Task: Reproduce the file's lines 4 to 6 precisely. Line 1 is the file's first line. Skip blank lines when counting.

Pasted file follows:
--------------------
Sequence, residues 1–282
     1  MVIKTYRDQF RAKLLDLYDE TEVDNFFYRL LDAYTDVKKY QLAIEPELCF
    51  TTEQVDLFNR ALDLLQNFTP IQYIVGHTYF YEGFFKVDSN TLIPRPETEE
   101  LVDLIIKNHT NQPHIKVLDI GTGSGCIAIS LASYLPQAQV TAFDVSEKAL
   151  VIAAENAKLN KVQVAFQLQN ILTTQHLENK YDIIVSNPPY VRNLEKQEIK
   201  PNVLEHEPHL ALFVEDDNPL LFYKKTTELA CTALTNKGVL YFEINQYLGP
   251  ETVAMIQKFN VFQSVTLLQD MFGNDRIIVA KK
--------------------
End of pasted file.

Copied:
   101  LVDLIIKNHT NQPHIKVLDI GTGSGCIAIS LASYLPQAQV TAFDVSEKAL
   151  VIAAENAKLN KVQVAFQLQN ILTTQHLENK YDIIVSNPPY VRNLEKQEIK
   201  PNVLEHEPHL ALFVEDDNPL LFYKKTTELA CTALTNKGVL YFEINQYLGP